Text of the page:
Tuesday, 22 September 2009

Teacher's Decisions: What about the options we do not opt for?

In this report, following an excellent observation task provided by Jim Scrivener in his book Learning Teaching, I tried to analyse several actions taken by the teacher I observed both in terms of the decision taken and the other available options that, for some reason, the teacher did not choose.
I found it really interesting to start thinking about the decisions we take and the reasons why we go for a certain option and not another. Managing and organising a classroom is such a challenging task that the best way of approaching it is by means of starting to reflect upon the decisions we take and if they were the most appropriate ones at that moment in that context. It is important, of course, to ask ourselves why we choose a certain option; but, what is even more intriguing is to reflect upon the reasons why we did not opt for te other available options.

Thanks to a very enabling teacher trainer I realised that, in this report, I sounded a bit too judgemental. I would like to let you know that I never meant to write as if I were "crying over spilt milk". I just followed the task and it seems that I sound far too critical. That was never my intention. With regard to the conclusion, I must admit that I did not even think of including one. I thought there was no need for one. But now that I thought about it, it would have been a great idea to include one so as to explain what my intentions were when writing the report. I am in no position to judge any teacher and I never wanted to do so. I guess that when trying to show what my beliefs are, I unwillingly did so by means of comparing them with the teacher's development of the lesson. I am really aware of the fact that every classroom, and within that classroom, each of the lessons is a whole world and it is by no means a valid proof of what actually happens in this classroom.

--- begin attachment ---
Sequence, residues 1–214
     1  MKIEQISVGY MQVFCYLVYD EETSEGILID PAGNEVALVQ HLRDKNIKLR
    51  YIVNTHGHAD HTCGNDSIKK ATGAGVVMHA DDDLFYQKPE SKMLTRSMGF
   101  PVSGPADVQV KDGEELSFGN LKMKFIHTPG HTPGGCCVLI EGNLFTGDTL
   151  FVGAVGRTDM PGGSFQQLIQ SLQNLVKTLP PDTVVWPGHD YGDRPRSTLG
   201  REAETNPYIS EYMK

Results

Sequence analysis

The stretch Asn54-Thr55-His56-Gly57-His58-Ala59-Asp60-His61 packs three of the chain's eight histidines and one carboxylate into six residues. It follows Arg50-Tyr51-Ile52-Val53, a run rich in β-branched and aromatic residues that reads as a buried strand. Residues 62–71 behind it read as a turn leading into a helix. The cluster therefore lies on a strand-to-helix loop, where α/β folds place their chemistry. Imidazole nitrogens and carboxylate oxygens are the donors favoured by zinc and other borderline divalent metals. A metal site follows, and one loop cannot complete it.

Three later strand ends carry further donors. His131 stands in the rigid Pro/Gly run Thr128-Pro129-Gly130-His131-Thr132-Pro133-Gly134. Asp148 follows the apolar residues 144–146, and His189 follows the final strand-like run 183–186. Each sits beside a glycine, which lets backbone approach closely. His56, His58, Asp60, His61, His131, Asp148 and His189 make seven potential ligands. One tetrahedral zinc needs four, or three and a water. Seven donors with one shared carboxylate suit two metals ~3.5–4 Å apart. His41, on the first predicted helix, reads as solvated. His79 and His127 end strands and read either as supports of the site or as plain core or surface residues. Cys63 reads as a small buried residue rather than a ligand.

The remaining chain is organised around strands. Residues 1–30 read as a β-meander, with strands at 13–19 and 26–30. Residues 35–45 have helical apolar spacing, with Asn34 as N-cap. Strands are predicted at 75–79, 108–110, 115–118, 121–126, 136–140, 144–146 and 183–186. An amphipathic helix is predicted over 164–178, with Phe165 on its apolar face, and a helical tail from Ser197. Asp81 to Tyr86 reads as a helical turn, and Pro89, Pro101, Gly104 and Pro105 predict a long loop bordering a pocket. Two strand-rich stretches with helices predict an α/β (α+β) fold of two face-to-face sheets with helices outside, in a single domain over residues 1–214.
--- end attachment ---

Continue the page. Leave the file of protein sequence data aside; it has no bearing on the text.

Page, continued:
5th Report / Alejandra de Antoni / Classroom Observation / Methods 2 2009

Wednesday, 16 September 2009

What does a real-life listening activity look like?

Here I'm sharing with you a very interesting report in which I carefully analysed a listening activity that was carried out in one of the lessons I observed at a secondary school in Buenos Aires city. It was a really interesting experience which helped me to analyse and look critically at my own listening activities. What do we do a listening activity in the English lesson for?
Maybe trying to make a true-to-life listening activity is one of the most evident challenges when it comes to preparing and designing activities. In this report, I tried to go over the minumun requirements for a listening activity to be valid in a communicative classroom while reflecting upon the one I have observed.

REPORT 4-alejandradeantoni-classroom observation-methods2-2009